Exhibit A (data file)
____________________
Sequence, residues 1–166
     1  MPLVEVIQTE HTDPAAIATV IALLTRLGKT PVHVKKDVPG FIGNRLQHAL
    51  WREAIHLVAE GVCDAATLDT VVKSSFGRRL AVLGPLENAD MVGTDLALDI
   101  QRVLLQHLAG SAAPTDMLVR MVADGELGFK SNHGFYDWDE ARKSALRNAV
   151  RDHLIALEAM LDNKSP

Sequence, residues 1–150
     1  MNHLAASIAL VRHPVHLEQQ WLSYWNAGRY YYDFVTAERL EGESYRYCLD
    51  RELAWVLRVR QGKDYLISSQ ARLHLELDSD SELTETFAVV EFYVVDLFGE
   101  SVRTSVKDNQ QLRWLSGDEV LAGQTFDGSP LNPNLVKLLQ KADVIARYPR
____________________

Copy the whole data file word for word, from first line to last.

Sequence, residues 1–166
     1  MPLVEVIQTE HTDPAAIATV IALLTRLGKT PVHVKKDVPG FIGNRLQHAL
    51  WREAIHLVAE GVCDAATLDT VVKSSFGRRL AVLGPLENAD MVGTDLALDI
   101  QRVLLQHLAG SAAPTDMLVR MVADGELGFK SNHGFYDWDE ARKSALRNAV
   151  RDHLIALEAM LDNKSP

Sequence, residues 1–150
     1  MNHLAASIAL VRHPVHLEQQ WLSYWNAGRY YYDFVTAERL EGESYRYCLD
    51  RELAWVLRVR QGKDYLISSQ ARLHLELDSD SELTETFAVV EFYVVDLFGE
   101  SVRTSVKDNQ QLRWLSGDEV LAGQTFDGSP LNPNLVKLLQ KADVIARYPR